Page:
Tuesday, February 22, 2011

Affinity - The rest of the review

Me and my husband carpool to work. Since we have the luxury of being only a few miles apart when at work, and working the same hours, he drops me off in the mornings and comes to get me after work.

This agreement gives me about a half an hour reading time after work and before he calls to inform me he's there. I love that half hour, because once I'm home I need to do a million things and reading seems like a luxury.

Today, however, he had to work overtime and I spend almost 2 hours reading. I finished my book after 1 hour and hadn't counted on this misfortune to carry a spare one. Extremely annoying.
But the moral of this being, I finished the book.



And I was AMAZED!! 
Affinity  is a splendid novel. It resembles one of those very good movies, like Gone with the wind (of which the novel is wicked awesome also) which start out so slowly and with so much information but it all comes together beautifully in the end.

The ending is superb and even though I had clues there might be some misschief in the workings, I hadn't thought it out so clearly as it was.
I have already posted some ideas and questions about the novel before, while I was reading it.
Now that I'm done, I'm filled with so much emotion I can't stop thinking about the novel.

Someone on Goodreads named Sarah Waters the queen of gothic historian lesbian fiction, and while she is all that, her prose doesn't feel that way. You don't get the feeling you're reading lesbian fiction, although you must be blind to not see the distinct difference between her descriptions of women and men. Men have been ushered into the supporting role and this whole novel is being carried by very strong female characters.

First of all, Margaret and Selina. Yin and Yang. One couldn't be great without the other. The way the two women interact, get to know each other and ultimately depend on each other is phenomenal. You, as reader, live through it together with them. Slowly, by the entries in their diaries, you get to know both the woman better than is comfortable.

Other strong characters, are the wardens of the prison, especially Mrs Jelf. She's too kind to work in that place and is easily influenced by the women she is responsible for, which leads to terrifying results.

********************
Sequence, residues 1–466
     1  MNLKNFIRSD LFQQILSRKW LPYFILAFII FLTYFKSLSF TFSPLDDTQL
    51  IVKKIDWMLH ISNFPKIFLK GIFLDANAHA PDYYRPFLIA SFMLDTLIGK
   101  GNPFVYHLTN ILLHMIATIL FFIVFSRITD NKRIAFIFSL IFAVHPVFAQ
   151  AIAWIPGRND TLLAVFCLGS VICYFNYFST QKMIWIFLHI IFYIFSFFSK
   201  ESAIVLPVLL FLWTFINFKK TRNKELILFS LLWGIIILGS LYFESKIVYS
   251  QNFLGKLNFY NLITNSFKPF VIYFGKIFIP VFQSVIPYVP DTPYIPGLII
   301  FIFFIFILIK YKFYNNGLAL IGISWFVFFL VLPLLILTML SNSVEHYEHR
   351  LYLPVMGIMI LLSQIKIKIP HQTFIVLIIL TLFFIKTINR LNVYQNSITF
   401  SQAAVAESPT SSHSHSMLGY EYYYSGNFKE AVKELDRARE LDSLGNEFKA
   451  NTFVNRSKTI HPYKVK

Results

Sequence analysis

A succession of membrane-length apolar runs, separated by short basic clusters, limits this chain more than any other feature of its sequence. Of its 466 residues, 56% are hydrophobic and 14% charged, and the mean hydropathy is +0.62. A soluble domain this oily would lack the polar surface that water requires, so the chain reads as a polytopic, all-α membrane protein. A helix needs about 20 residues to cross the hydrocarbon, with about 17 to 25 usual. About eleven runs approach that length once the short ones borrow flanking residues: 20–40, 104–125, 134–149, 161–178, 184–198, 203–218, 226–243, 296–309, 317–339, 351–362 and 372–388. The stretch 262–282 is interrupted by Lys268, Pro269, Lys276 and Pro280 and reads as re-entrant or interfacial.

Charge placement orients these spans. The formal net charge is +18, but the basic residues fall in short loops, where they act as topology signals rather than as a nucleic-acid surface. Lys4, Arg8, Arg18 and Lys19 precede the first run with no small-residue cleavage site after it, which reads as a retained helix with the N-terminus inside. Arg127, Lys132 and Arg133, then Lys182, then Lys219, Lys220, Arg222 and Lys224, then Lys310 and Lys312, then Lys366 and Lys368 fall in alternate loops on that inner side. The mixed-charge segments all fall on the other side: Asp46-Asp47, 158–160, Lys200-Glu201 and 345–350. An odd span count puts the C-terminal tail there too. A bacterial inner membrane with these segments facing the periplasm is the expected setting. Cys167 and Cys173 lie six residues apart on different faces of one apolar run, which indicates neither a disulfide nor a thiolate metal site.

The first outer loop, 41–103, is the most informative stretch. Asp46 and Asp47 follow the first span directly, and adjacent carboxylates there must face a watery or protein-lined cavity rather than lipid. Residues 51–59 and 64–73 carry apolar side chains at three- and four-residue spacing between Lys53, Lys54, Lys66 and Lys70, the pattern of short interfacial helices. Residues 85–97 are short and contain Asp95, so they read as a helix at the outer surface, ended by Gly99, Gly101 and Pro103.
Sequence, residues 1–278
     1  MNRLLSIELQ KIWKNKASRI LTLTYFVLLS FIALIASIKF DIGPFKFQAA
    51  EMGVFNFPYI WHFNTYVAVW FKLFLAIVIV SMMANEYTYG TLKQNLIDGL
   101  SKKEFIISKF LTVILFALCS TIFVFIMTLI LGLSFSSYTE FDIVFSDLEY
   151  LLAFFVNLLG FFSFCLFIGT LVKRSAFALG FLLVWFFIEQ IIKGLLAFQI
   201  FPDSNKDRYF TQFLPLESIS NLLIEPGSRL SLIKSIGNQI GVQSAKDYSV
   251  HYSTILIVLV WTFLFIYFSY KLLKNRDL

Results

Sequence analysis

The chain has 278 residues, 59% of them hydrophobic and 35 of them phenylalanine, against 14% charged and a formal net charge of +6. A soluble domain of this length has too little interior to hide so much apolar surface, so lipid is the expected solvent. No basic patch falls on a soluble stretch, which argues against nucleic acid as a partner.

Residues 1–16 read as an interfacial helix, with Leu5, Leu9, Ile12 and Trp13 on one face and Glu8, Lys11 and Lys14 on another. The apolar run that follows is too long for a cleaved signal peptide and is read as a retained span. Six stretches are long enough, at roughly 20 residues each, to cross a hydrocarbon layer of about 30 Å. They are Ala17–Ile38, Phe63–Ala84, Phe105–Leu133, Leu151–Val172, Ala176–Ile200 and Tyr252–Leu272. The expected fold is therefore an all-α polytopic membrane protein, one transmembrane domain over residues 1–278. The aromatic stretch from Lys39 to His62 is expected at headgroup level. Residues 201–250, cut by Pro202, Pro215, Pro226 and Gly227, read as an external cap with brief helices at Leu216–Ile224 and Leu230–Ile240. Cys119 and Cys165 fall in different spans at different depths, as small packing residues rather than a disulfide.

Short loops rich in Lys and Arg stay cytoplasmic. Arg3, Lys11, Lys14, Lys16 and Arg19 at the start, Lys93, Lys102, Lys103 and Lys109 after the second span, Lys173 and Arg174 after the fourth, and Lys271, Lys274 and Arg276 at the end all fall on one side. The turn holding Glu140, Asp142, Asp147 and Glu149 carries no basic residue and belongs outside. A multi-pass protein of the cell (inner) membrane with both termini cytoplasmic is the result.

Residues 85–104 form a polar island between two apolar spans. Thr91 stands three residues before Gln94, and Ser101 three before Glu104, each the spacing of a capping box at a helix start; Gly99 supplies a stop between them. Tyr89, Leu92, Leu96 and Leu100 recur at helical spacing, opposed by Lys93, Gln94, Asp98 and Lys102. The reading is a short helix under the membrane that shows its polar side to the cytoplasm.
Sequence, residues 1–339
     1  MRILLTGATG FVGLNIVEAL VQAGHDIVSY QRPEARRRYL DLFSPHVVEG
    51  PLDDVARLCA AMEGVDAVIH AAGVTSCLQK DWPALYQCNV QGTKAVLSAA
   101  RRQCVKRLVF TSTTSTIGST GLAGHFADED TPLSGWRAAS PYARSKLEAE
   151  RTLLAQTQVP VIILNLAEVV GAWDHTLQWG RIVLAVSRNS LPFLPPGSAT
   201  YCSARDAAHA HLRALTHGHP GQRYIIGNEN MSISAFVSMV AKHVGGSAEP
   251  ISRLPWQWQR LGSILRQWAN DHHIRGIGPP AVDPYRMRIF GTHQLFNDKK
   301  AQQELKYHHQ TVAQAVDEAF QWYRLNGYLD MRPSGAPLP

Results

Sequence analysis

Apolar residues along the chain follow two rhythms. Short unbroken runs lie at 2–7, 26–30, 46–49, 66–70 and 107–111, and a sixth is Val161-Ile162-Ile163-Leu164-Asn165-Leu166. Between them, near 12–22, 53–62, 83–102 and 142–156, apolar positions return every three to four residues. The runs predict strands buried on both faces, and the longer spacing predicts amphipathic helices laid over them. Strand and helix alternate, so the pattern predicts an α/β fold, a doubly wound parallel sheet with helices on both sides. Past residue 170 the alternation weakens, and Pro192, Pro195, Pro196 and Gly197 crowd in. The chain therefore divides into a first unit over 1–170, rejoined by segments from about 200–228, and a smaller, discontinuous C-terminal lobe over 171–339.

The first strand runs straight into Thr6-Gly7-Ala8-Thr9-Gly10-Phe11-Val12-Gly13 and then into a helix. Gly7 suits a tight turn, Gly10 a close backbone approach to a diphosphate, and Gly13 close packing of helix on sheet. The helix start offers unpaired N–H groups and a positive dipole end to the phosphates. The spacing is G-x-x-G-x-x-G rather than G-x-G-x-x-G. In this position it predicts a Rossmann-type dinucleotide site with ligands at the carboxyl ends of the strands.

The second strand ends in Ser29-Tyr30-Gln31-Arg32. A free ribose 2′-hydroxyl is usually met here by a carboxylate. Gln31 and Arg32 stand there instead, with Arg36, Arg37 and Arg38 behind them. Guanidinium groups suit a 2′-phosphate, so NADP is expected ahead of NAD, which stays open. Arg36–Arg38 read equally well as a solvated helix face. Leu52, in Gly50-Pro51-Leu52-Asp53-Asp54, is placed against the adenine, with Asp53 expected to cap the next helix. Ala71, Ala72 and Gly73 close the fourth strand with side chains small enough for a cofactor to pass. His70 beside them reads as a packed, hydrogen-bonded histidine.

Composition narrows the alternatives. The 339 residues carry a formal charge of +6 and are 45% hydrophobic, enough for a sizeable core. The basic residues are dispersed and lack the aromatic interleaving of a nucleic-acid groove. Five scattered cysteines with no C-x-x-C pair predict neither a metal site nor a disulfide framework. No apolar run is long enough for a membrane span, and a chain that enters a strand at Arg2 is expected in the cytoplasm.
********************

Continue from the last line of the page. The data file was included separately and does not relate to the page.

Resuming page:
I'm torn between telling you more about the plot, and letting you reveal it on your own. I'll thread the fine line between a good review and plain spoilers carefully, hoping not to fall off. But to be sure, the rest of the review is for those who've read it already, or those who don't mind a spoiler or two.

BEWARE of SPOILERS

As my first half of this review said, Margaret has some secrets she hadn't yet revealed to us readers.
She has once given up on life, after her father died and her best friend married her brother, but was brought back. Selina picked up on this and drained it for all it was worth.
She tries to influence Margaret to believe in her, to help her and once Margaret says yes, she shows typical predator behaviour.

From experience I read the signs of the sudden lack of touching each other on Selina's persistence, as a sign she wasn't truthful. Once she had accomplished what she wanted, she drew back.
From then on, I knew she wasn't to be trusted and for a long time I actually tried to believe in the spiritual world of ghosts, just in case.
Margaret helps her escape, not by letting her out of prison but assuring a safe passage. A way out of England and to Italy. Little did she know that all along her maid and Selina worked behind her back to take her identity and escape.
When Mrs Jelf comes to her house, after the escape of Selina, she suddenly realises the awful truth. She is desperate and only sees one way out.

I don't know how I feel about Selina. She seems to be quite honest at first, maybe a little naive, but her actions tell otherwise. Or is it the influence of Vigers? Still so many questions.. that's why I love this book so.

For me this is a MAGNIFICENT read.

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